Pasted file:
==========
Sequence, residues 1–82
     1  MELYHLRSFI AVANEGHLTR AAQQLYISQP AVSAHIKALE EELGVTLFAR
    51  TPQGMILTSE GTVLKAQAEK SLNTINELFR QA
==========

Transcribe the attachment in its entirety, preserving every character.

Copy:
Sequence, residues 1–82
     1  MELYHLRSFI AVANEGHLTR AAQQLYISQP AVSAHIKALE EELGVTLFAR
    51  TPQGMILTSE GTVLKAQAEK SLNTINELFR QA